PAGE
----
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Don Quixote, new translation by Edith Grossman (2003)
The instrumental ensemble consisted of a well-balanced string quintet, with most of the emphasis on the demanding first violin parts, played with dexterity if not universally clear and beautiful tone by Risa Browder. Pleasing accents were added by the continuo group of Webb Wiggins on harpsichord, William Simms on theorbo and Baroque guitar, and Christopher Kendall on lute and therbo, as well as some occasional solos by Robert Eisenstein on recorder, contributing some much needed variety in the treble range. Particularly worthy were Telemann's music for Quixote's attack on the windmills, the book's most famous passage, a very fast, agitated performance of music focused especially on a rapid-fire repeated-note motif, and for the sighs of love for Princess Aline, with a chromatic sighing motif for the first violin. A country dance medley was added to the conclusion of the program, to give a sampling of Thomas D'Urfey's poaching of pre-existing dance tunes. This had little to do with the program, coming after the death of Quixote, but the different colors applied -- lute and guitar with only double bass on one, recorder featured on another -- relieved the uniformity of the instrumentation up to that point.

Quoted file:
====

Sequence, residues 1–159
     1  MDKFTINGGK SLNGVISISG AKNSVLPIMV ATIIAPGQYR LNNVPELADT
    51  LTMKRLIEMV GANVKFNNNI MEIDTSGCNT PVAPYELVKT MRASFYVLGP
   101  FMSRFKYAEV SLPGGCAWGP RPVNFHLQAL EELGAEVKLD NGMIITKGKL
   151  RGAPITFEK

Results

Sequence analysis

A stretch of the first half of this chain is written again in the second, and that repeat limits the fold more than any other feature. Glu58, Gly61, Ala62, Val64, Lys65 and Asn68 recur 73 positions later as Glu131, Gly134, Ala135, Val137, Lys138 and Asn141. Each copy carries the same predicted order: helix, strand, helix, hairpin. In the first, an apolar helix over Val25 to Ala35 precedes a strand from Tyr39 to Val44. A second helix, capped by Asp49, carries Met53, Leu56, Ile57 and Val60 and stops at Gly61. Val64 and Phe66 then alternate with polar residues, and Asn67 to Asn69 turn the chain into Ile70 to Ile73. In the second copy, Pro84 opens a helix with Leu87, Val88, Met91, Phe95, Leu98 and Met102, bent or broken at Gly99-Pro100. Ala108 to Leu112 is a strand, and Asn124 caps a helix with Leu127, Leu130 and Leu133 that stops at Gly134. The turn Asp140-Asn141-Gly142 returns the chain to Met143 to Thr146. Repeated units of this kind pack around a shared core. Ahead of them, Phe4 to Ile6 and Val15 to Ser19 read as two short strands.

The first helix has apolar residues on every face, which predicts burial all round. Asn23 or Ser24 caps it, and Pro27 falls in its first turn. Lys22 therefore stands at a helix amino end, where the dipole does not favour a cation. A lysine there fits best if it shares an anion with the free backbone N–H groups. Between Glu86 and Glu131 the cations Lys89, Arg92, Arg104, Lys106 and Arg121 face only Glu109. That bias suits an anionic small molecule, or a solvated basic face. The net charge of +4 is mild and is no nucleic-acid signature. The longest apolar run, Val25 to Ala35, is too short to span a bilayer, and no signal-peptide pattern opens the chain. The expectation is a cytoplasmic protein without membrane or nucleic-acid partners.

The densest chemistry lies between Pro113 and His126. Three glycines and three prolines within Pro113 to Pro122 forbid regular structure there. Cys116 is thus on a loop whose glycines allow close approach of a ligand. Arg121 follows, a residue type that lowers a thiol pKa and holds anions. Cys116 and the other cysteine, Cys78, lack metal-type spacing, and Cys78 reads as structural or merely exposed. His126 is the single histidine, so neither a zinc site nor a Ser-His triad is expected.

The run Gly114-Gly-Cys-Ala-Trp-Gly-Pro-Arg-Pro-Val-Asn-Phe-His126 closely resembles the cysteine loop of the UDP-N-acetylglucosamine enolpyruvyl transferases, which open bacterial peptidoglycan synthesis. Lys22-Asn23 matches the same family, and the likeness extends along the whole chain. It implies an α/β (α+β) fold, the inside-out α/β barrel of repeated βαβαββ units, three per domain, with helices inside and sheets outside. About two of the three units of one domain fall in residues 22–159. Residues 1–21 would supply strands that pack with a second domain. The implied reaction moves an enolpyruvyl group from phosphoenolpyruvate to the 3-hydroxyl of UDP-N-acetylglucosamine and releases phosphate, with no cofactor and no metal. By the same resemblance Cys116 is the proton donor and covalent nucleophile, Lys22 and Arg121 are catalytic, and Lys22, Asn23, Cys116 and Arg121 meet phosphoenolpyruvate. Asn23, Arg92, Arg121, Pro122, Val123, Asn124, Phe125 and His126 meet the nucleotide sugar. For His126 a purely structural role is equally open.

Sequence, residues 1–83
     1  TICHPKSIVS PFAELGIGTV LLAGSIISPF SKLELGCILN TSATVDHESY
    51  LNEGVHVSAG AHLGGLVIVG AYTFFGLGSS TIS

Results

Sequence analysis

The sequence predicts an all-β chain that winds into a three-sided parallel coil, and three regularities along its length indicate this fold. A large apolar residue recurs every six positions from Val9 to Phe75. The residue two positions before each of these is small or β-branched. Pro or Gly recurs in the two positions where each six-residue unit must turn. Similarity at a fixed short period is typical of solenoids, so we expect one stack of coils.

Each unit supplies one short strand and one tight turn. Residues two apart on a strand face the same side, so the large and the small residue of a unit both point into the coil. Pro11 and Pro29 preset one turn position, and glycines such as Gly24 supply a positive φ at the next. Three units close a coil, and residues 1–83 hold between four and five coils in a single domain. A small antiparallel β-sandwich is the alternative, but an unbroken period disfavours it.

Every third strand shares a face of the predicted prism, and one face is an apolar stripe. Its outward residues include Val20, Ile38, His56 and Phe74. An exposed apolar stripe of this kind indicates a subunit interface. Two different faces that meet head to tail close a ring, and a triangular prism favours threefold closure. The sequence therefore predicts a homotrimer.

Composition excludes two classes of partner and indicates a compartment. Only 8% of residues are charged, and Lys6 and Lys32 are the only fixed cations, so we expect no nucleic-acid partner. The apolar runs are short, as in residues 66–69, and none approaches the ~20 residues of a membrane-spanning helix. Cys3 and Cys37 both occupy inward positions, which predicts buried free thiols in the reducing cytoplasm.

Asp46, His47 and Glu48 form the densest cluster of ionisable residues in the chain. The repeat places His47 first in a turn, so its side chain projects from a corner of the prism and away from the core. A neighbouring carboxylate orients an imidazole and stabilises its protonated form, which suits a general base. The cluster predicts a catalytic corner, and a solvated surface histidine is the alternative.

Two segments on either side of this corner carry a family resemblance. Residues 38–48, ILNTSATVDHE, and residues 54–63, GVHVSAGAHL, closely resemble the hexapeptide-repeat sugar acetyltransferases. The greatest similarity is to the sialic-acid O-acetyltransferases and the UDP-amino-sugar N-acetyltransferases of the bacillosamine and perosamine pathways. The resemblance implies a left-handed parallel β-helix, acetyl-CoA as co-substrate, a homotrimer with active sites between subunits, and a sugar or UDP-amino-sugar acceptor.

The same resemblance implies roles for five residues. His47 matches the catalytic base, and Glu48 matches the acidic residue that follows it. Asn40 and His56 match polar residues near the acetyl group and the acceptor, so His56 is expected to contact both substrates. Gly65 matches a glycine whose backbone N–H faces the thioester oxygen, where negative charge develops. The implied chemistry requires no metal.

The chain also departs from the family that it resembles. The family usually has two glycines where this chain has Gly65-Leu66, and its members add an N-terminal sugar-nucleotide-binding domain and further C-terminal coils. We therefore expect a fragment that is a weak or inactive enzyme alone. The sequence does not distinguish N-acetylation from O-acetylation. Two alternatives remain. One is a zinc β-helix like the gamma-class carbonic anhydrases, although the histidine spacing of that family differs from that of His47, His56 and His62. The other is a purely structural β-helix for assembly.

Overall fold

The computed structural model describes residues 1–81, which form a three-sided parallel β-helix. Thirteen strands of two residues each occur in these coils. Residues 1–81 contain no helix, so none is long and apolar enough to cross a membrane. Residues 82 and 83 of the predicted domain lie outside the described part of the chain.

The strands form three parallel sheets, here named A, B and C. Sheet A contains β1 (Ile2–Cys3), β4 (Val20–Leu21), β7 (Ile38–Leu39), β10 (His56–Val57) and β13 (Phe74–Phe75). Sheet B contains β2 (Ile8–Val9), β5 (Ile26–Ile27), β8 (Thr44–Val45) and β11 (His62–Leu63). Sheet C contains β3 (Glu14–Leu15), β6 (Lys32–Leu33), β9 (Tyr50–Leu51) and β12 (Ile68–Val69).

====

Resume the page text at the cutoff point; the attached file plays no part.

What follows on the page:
William Sharp, bass-baritone
The Folger Consort's 2009-2010 season will be devoted to music from around the year 1610, centered on a performance of Claudio Monteverdi's 1610 Vespers at Washington National Cathedral (January 8 to 9, 2010). Other programs include a comparison of 17th-century music in Italy and China (October 2 to 4), a German Baroque Christmas program with Cantate Chamber Singers (December 11 to 20), a French Baroque program (March 19 to 21, 2010), and Robert Dowland's Musical Banquet, from 1610 (April 9 to 11, 2010).